The parts I had were 100 ohm and 220 ohm resistors, so I used them, and it seems to work OK. Nothing is getting hot when I leave it on for a while, but the LEDs are plenty brigh enough:
And here's the circuit diagram:
The resistor values were chosen because they were near (but bigger than) the desired values, and I had them in my parts bin. The values aren't really critical (other than making sure they aren't so small they'll let the LED get fried).
(I have an arduino board laying around, and am tempted to wire it up to give me USB control over all the LEDs and perhaps a speaker to generate TARDIS noises, but I'm restraining myself for now :-).
The panels are pretty transparent, especially the way I printed them with no bottom layer. I wanted to come up with a way to block the lights from shining through the TARDIS and just light up the windows. I found some Aluminum Foil Tape at Home Depot, and it seems to be exactly what I need to line the inside of the TARDIS. I can put it on the whole panel, then cut away the bits I don't want taped. It seems plenty sticky enough to hold, and it completely blocks the lights.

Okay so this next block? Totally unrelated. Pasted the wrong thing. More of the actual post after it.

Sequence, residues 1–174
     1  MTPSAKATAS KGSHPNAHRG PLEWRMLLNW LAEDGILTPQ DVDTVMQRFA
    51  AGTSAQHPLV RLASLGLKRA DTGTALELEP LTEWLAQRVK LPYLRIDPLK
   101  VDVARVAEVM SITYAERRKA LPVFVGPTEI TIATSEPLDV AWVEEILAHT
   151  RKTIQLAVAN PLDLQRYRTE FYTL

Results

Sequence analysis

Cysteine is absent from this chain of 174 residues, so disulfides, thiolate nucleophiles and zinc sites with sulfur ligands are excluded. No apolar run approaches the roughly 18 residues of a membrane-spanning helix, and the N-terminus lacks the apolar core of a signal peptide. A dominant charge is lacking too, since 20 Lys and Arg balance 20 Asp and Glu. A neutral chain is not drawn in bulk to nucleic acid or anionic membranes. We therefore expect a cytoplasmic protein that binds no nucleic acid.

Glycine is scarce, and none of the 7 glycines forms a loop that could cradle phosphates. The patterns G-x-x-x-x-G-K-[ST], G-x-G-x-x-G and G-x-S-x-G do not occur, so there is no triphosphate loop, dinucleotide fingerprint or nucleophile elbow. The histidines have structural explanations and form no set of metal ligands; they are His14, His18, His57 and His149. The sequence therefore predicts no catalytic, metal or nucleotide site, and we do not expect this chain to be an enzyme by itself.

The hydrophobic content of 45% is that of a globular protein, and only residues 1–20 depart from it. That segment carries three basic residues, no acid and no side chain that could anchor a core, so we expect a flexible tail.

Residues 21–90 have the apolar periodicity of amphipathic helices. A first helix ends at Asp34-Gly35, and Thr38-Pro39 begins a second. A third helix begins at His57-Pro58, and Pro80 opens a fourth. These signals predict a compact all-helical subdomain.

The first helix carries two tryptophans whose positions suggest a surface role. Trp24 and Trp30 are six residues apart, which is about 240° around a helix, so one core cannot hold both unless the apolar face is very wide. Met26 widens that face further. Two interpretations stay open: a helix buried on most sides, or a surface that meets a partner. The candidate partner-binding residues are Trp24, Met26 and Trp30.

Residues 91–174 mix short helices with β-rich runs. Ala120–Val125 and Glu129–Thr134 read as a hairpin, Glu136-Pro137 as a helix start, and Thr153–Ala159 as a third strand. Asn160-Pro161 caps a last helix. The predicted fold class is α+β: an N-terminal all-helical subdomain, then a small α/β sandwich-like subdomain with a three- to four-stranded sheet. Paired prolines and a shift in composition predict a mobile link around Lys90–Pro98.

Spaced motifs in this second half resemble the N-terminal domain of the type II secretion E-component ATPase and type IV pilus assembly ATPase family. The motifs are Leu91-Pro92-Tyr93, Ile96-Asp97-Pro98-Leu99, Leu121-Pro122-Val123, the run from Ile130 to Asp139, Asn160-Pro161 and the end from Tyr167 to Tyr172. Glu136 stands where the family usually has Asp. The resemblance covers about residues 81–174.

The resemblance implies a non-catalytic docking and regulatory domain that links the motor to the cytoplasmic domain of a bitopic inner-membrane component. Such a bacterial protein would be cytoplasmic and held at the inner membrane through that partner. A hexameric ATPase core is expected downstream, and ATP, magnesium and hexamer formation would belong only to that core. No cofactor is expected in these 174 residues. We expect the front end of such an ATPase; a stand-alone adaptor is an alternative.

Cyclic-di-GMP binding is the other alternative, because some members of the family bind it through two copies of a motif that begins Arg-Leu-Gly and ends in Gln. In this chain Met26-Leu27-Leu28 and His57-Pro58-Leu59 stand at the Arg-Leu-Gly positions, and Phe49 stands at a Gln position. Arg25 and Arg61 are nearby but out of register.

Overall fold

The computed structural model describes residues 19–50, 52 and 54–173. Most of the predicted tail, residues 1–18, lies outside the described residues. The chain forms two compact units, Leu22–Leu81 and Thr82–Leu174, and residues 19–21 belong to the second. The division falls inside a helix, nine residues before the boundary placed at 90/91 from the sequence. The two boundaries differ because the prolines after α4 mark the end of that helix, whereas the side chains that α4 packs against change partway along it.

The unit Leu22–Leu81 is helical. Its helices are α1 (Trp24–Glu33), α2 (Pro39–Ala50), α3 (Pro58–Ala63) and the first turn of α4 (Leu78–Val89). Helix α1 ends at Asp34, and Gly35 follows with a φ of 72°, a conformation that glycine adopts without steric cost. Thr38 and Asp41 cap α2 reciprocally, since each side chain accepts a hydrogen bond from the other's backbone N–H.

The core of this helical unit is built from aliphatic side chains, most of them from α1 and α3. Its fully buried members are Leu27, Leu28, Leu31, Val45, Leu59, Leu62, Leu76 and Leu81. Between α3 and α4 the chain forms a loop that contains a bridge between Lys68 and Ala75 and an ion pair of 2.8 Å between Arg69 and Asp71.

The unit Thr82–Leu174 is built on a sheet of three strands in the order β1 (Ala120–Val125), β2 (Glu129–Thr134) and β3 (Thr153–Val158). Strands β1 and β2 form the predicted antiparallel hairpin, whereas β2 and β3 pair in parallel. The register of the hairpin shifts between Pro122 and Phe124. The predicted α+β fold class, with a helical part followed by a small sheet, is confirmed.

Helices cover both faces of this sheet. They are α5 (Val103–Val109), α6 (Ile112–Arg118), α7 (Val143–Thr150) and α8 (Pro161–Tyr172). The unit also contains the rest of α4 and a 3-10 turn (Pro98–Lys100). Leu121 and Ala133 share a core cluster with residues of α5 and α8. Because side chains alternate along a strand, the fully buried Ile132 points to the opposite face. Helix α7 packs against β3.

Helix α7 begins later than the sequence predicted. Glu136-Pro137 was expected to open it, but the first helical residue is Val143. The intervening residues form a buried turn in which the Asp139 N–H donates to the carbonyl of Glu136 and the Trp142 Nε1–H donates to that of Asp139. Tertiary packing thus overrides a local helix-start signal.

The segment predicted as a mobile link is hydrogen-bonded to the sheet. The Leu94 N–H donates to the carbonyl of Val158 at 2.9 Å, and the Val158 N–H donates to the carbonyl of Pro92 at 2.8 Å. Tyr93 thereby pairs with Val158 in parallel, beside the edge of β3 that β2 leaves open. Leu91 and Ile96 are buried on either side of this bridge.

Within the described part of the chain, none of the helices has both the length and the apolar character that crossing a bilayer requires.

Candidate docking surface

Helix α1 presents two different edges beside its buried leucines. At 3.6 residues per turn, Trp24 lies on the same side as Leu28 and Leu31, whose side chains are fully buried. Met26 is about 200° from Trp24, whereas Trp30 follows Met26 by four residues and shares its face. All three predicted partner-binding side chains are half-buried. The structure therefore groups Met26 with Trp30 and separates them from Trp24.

Just to be on the safe side and make sure none of the wires short out against the aluminum foil, I can also add some plastic tape where that might happen.
Despite all the problems, I'm getting there. Here is a test fitting of the major parts:
And here are the lamp and windows added (still haven't figured out the best way to get labels attached):
After much soldering and finicky assembly, I now have the whole thing put together and the lights wired up:
And finally I used a glue stick to paste the labels to the TARDIS and I'm done:
With lights on:
Time will tell how well the Elmer's Extra Strength glue stick holds the paper labels to the ABS. I did sand the plastic a bit and used the glue stick on both surfaces. It certainly appears to be sticking quite well for now. [Update: A few months down the road, and there is still no sign of the labels peeling off, so I guess the glue stick was the way to go.]
Go back to my main Solidoodle page.